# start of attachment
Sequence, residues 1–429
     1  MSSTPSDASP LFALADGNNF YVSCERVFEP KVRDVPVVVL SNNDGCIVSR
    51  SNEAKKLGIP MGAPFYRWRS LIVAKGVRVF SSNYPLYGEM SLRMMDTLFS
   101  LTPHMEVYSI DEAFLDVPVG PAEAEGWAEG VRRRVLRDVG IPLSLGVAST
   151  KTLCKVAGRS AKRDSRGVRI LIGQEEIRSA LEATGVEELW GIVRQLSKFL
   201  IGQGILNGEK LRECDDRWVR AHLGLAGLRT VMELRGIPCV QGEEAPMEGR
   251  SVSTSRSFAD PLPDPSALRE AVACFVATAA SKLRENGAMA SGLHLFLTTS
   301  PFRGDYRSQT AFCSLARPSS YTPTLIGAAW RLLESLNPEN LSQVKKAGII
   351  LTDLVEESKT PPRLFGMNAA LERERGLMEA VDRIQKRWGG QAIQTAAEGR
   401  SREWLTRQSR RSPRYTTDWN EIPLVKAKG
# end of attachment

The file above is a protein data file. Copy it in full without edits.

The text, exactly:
Sequence, residues 1–429
     1  MSSTPSDASP LFALADGNNF YVSCERVFEP KVRDVPVVVL SNNDGCIVSR
    51  SNEAKKLGIP MGAPFYRWRS LIVAKGVRVF SSNYPLYGEM SLRMMDTLFS
   101  LTPHMEVYSI DEAFLDVPVG PAEAEGWAEG VRRRVLRDVG IPLSLGVAST
   151  KTLCKVAGRS AKRDSRGVRI LIGQEEIRSA LEATGVEELW GIVRQLSKFL
   201  IGQGILNGEK LRECDDRWVR AHLGLAGLRT VMELRGIPCV QGEEAPMEGR
   251  SVSTSRSFAD PLPDPSALRE AVACFVATAA SKLRENGAMA SGLHLFLTTS
   301  PFRGDYRSQT AFCSLARPSS YTPTLIGAAW RLLESLNPEN LSQVKKAGII
   351  LTDLVEESKT PPRLFGMNAA LERERGLMEA VDRIQKRWGG QAIQTAAEGR
   401  SREWLTRQSR RSPRYTTDWN EIPLVKAKG